Presentation on theme: "By Amanda Currie, Grace O’Day, Tyler Clark & Erin Cournoyer."— Presentation transcript:
By Amanda Currie, Grace O’Day, Tyler Clark & Erin Cournoyer
For our presentation aimed at writing tutors, we intend to extrapolate from and expand on methods for coping with challenging tutoring situations. As senior tutors we have experienced a litany of taxing sessions with tutees; these challenges stem from both a tutor's fear of failure, and the challenges the tutees themselves present. Tutors who attend this presentation will learn strategies for dealing with these sessions, and leave with more confidence to handle delicate situations like these.
Conduct a mock tutoring session for 5 minutes Treat it as if this is a real one-on-one session with a tutee Consider ways to help a student when they aren’t responding to what you’re saying
A student comes in for tutoring and hands you a paper marked up with corrections & suggestions. When asked, they tell you that they’ve seen other tutors this week, and you wonder why no progress has been made despite these other appointments. What do you do?
-ask about difficulty understanding previous revisions (9) -show the tutee how to make his/her own revisions (6) -make goals to edit/revise outside of sessions (5) -hand-write corrections into the paper (4) -work on the computer (4) -talk to supervisor about frequency of appointments (3)
-ask them how you, as a tutor, can help them learn -see if you, as the tutor, agree with past corrections -add your own suggestions on top of the other tutor's suggestions - tutors are not trained to recognize and recommend help for learning disabilities -refer them to the Center for Access and Success if they were having a lot of trouble -ask questions about the class -ask the tutee what they did to make changes between the last session and now -talk to other tutees about strategies used in similar situations -investigate the possibility of a learning disorder -discuss “using” tutors to make corrections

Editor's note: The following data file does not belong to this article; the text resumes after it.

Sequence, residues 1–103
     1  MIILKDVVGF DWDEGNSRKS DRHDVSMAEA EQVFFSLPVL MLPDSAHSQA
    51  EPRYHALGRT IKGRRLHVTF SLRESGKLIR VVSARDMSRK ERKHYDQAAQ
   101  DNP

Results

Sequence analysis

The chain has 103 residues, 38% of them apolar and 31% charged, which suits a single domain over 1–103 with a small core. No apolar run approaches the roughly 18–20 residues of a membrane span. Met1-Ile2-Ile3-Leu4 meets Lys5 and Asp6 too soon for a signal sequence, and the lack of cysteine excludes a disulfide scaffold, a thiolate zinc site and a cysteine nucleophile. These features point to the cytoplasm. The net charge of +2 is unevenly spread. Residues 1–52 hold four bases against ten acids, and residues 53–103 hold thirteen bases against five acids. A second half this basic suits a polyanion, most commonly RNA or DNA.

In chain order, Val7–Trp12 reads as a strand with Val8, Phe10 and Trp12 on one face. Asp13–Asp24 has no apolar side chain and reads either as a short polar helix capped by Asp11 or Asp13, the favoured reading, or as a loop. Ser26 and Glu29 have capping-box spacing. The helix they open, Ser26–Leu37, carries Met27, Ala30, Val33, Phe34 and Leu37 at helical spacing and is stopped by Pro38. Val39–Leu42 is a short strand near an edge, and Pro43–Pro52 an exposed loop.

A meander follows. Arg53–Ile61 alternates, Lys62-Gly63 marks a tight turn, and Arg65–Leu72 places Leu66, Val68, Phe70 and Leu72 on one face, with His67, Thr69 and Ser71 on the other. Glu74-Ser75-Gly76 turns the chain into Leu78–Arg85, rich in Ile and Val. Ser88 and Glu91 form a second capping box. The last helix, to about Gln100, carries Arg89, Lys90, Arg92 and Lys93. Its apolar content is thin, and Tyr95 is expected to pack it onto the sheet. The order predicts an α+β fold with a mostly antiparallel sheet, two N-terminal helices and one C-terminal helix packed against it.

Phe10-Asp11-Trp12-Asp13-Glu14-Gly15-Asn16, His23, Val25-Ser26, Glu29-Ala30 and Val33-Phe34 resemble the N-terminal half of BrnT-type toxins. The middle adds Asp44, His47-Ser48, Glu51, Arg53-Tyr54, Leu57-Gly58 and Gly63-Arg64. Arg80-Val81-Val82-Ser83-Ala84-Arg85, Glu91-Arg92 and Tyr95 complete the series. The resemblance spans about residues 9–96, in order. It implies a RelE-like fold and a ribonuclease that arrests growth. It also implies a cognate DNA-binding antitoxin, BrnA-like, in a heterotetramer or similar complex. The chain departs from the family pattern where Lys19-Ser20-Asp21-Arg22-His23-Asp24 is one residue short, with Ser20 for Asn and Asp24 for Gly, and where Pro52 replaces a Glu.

A student comes in with an argumentative paper, in which he claims prostitution should be legal for the sake of a man’s libido. He makes a number of other comments that offend you personally, on top of the fact that his argument isn’t well-structured. How do you handle this session without letting your personal opinion affect it?
-work on making arguments stronger (13) -identify possible objections and counter-arguments (10) -point out degrading comments (8) - appeal to audience (7) - the tutor should focus on helping the student support his ideas, regardless of what they are (5) -provide evidence for arguments (2) -suggest topics for him to further research (i.e. sex trade) (2) -remind him that he must remain objective and not opinionated (2) -find out what his thesis is -suggest he talk to his professor about his topic -tell the tutee I, as a tutor, feel uncomfortable with his topic -fix offensiveness, then structure, then adding detail -make an outline and figure out how arguments fit into his paper -introduce a resource into the session, like the Purdue OWL guide to writing argumentative papers -make a reverse outline
-find out what his thesis is -suggest he talk to his professor about his topic -tell the tutee I, as a tutor, feel uncomfortable with his topic -fix offensiveness, then structure, then adding detail -make an outline and figure out how arguments fit into his paper -introduce a resource into the session, like the Purdue OWL guide to writing argumentative papers -make a reverse outline